Green Dining in YellowstonePosted by: Sarah Bierschwale on March 8, 2017 Categories: Dine | Sustainability
Written by: Christine Loomis
Trout from Idaho. Bison from Wyoming and North Dakota. Beef, goat cheese, and ice cream from Montana. These and other regionally sourced food products served in the dining facilities of Yellowstone National Park are bringing local flavors to the culinary forefront of the nation’s oldest national park.
As the farm-to-table food movement sweeps the country, Yellowstone is embracing it with gusto. As of 2016, a full 50 percent of the park-wide food and beverage purchases used at restaurants like the Mammoth Dining Room in the Mammoth Hot Springs Hotel & Cabins and other park eateries managed by concessioner Xanterra Parks & Resorts are categorized as sustainably produced. Local and/or sustainable products also include produce, dairy, flour, cookies, teas, and lamb.
Last year the park increased its local liquor offerings from six to 19 options, which feature Wyoming Whiskey, Willie’s Montana Honey Moonshine, Montana 1889 whiskey, and Willie’s Huckleberry Sweet Cream Liqueur, among others.
So consider that when you order the warm goat cheese salad, pistachio-parmesan-crusted trout, bison burger with fixings, or huckleberry cobbler made with Montana huckleberries for dinner at the Mammoth Dining Room, you’re supporting local producers. Or try a breakfast of Montana Milling oatmeal, Montana Cream of the West seven-grain buttermilk pancakes, or a Wheat Montana bagel with cream cheese accompanied with Tumbleweed Teas’ Peace of the Park.
Yellowstone restaurants follow a simple philosophy — to provide the highest quality food with the “softest footprint” by finding products that are fresh, locally produced, organic, third-party certified and/or support sustainable farming, fishing, and business practices. Among their many other local food partners are Montana Ranch Beef, Western Buffalo, and Wolf Ridge Lamb & Wool.
Yellowstone’s local and sustainable approach to food is also earning accolades. Mammoth Dining Room is Xanterra’s first certified green restaurant. It received its certification from the Green Restaurant Association (GRA) in 2011. In December 2016, it became the only restaurant in a national park to receive GRA’s Four Star certification, and one of only 25 restaurants nationwide.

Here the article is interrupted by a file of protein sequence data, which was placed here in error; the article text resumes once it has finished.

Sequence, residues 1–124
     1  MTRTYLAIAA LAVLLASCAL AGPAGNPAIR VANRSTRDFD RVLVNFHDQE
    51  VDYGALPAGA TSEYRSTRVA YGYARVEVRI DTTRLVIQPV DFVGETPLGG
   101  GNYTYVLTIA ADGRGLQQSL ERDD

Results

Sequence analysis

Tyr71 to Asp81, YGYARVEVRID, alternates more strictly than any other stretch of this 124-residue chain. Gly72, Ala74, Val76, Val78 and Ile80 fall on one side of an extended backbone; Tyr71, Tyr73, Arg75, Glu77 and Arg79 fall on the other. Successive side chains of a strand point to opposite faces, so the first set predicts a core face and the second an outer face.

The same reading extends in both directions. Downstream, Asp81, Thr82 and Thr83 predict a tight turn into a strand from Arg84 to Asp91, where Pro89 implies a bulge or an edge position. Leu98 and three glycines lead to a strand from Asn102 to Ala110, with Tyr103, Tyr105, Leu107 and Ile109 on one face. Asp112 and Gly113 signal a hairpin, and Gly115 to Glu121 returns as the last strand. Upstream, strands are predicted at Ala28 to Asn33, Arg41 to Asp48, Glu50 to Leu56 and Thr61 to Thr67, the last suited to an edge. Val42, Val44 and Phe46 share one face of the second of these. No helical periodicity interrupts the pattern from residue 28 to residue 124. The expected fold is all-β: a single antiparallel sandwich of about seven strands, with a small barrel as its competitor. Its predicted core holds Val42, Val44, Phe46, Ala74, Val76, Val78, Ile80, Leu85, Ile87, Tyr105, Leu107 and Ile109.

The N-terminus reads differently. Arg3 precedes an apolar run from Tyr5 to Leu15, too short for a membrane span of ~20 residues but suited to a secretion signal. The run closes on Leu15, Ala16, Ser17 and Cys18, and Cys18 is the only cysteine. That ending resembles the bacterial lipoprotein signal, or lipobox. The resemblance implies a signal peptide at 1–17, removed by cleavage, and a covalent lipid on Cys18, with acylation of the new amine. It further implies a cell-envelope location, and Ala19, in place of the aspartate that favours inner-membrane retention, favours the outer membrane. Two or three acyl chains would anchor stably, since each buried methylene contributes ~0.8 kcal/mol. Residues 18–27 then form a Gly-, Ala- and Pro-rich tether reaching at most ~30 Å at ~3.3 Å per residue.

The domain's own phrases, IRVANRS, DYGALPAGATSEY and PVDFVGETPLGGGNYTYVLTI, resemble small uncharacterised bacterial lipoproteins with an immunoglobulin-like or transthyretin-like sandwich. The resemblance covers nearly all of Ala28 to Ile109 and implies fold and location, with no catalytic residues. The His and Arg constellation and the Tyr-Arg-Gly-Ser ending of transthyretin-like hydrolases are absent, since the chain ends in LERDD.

The Green Restaurant Association is an international nonprofit organization founded in 1990 to encourage restaurants to green their operations using transparent, science-based certification standards. GRA operates in 47 states and Canada, assisting restaurants achieve sustainability in several critical areas including energy, food, water, waste, chemicals and pollution reduction, disposables and furnishings, and building materials.
Mammoth Dining Room is a stellar example. Its Four Star status was in part the result of accomplishments in these categories:
- Disposables: All disposables (cups, utensils, plates, etc.) are compostable, with priority given to post-consumer recycled content.
- Energy: All incandescent bulbs replaced with LEDs (70 percent) or high-efficiency fluorescents. Use of Energy Star-rated kitchen equipment.
- Food: Ongoing commitment and program to increase the availability of fresh, local and sustainably produced food and beverage items on the menus.
- Chemical and Pollution: Electric vehicle charging station made available with preferred parking location. Environmentally friendly chemicals are used throughout the operation. Use of low/no VOC carpet, flooring and materials in the building.
- Waste: Waste is sorted into compostable, recyclable and reusable. Waste vegetable oil is recycled to be converted to bio-diesel fuels. Items such as crayons, glass, metals, cardboard and other materials are recycled or reused. Waste is minimized through such practices as using bulk condiments and serving only draft beers.
- Water: High efficiency/Energy Star-rated fixtures and equipment are used in bathrooms and kitchen.
While reaching 50 percent in sustainable food and beverages is great, the goal is to increase them to 70 percent by 2025.
Meanwhile, we can all support sustainable food practices by ordering local and sustainable menu items and taking home the lessons learned in Yellowstone to apply in our own communities.
The former editor in chief of Smart Meetings, Christine Loomis is a Colorado-based freelance travel and lifestyle writer.